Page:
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Germany and Poland Trip. Part Two – Neheim and the Möhne Dam – The Cost and Consequence

Wednesday 20th March 2024 – Neheim and the Möhne Dam.

Having visited Rheinberg War Cemetery, I headed for Neheim and the Möhne Dam, to further consider the cost and the consequence. Neheim is a short distance downstream from the dam, and the site of numerous forced labour camps in 1943. Many, very close to the river, were simply swept away in the early hours of 17 May.

For many people the Dambusters has been their entry point to the story of Bomber Command. Yesterday’s visit was the second time I had been to the the Möhne Dam, and again I was awed by its sheer size, and from various viewpoints considered the extraordinary airmanship and bravery of the 617 Squadron aircrews, and the ingenuity of Barnes Wallis, devising a means by which to breach the thick, deep, dam walls. The raid is a remarkable feat and extraordinary story.

But what of the cost. Was it worth it? I’m not sure there is unanimous agreement amongst historians. Certainly it sent a shock wave through the Nazi hierarchy – what else was the RAF capable of. It was part of the sustained 1943 Battle of the Ruhr specifically targeting Germany industry, and the newspapers in the UK did all they could to use the raid to boost morale.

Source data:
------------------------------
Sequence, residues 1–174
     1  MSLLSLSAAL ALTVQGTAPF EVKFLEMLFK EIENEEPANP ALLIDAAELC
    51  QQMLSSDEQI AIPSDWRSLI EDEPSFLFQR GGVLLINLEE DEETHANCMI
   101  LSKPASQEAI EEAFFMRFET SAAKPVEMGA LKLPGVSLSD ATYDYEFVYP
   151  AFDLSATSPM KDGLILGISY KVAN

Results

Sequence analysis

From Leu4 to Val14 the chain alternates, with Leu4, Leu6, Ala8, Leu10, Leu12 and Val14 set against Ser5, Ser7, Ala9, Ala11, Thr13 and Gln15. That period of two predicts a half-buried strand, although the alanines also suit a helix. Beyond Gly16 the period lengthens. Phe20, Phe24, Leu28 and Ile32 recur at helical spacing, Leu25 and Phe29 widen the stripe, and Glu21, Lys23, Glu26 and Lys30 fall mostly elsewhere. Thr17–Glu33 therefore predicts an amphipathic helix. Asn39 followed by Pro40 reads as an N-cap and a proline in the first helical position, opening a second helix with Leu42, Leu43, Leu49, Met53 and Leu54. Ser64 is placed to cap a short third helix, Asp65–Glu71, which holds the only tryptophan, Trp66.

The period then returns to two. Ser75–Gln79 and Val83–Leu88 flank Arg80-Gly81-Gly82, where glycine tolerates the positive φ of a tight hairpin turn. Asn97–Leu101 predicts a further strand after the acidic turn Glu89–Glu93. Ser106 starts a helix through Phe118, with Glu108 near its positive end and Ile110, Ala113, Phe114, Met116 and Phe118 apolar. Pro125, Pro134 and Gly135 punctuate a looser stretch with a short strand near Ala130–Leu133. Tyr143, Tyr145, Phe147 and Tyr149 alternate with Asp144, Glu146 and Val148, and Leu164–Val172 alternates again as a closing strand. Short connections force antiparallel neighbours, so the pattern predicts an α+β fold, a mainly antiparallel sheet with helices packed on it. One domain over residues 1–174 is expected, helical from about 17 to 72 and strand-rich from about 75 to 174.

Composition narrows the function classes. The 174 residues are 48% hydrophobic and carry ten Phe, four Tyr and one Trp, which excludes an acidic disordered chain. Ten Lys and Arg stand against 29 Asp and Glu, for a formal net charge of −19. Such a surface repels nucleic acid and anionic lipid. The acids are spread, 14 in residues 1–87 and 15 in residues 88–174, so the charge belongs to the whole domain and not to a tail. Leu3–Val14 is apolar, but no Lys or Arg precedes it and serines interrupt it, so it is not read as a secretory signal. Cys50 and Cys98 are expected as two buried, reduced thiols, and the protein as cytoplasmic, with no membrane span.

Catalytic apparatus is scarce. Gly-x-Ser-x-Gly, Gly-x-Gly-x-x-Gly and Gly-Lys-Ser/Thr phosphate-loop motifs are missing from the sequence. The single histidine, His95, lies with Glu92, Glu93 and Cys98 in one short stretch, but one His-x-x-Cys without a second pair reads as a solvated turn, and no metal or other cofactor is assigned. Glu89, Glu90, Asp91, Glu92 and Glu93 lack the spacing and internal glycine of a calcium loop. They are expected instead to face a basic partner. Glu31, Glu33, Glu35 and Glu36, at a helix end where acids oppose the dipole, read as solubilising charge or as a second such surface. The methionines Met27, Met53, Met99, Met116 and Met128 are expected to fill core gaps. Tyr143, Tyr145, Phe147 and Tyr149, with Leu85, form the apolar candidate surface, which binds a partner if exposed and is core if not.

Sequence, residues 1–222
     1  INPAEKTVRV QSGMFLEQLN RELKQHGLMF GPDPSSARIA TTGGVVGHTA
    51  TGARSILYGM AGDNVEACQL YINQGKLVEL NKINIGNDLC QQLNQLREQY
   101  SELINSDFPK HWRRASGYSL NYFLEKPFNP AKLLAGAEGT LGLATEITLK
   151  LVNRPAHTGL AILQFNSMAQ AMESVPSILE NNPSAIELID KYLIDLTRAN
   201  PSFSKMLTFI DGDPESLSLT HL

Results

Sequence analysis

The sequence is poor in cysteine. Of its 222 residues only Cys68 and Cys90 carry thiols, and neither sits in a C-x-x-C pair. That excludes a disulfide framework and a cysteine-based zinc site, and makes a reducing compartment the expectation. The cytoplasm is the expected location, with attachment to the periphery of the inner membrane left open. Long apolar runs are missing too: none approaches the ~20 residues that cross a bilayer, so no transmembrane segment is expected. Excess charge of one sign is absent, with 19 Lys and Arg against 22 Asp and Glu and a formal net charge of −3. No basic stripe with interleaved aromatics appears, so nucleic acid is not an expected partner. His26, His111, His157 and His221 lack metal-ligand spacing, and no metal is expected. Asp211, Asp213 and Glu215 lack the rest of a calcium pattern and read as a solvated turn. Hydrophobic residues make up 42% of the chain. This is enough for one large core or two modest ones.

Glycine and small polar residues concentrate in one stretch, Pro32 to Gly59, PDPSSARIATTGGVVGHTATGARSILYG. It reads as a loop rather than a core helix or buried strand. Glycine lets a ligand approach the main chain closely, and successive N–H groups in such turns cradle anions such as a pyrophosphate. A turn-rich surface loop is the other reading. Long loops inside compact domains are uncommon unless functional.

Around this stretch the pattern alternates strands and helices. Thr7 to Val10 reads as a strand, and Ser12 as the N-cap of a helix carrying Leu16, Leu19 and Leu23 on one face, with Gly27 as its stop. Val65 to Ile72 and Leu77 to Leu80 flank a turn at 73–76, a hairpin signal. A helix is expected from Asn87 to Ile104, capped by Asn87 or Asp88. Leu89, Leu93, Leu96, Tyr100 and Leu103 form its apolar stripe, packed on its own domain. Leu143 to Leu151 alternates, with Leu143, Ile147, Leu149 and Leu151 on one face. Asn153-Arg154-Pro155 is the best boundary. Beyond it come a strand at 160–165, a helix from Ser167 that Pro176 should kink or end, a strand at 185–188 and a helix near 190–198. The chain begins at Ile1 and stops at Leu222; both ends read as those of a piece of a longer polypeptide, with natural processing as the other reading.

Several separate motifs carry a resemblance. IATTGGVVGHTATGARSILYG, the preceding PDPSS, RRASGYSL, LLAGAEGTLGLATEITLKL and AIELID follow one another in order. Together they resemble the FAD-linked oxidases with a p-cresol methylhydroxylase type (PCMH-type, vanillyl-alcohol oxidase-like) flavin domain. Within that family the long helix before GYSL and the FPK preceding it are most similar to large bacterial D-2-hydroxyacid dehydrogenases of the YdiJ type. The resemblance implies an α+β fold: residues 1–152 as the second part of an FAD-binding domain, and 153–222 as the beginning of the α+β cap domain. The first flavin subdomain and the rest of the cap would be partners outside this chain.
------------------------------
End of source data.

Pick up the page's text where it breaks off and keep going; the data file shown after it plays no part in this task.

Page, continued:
Fifty-three airmen were killed, and three became prisoners of war. They are, quite rightly, remembered. Hundreds of civilians and forced labourers were also killed. Many of these were buried in mass graves in Neheim, and herewith are some of the respective memorial stones at the grave locations in the cemetery.

What is noticeable is that most of the German civilians are named. (I have only shown one of the four panels naming German civilians.) None of the forced labourers are named. What of their story?

Next – Buchenwald concentration camp.

Published inBomber CommandGeneral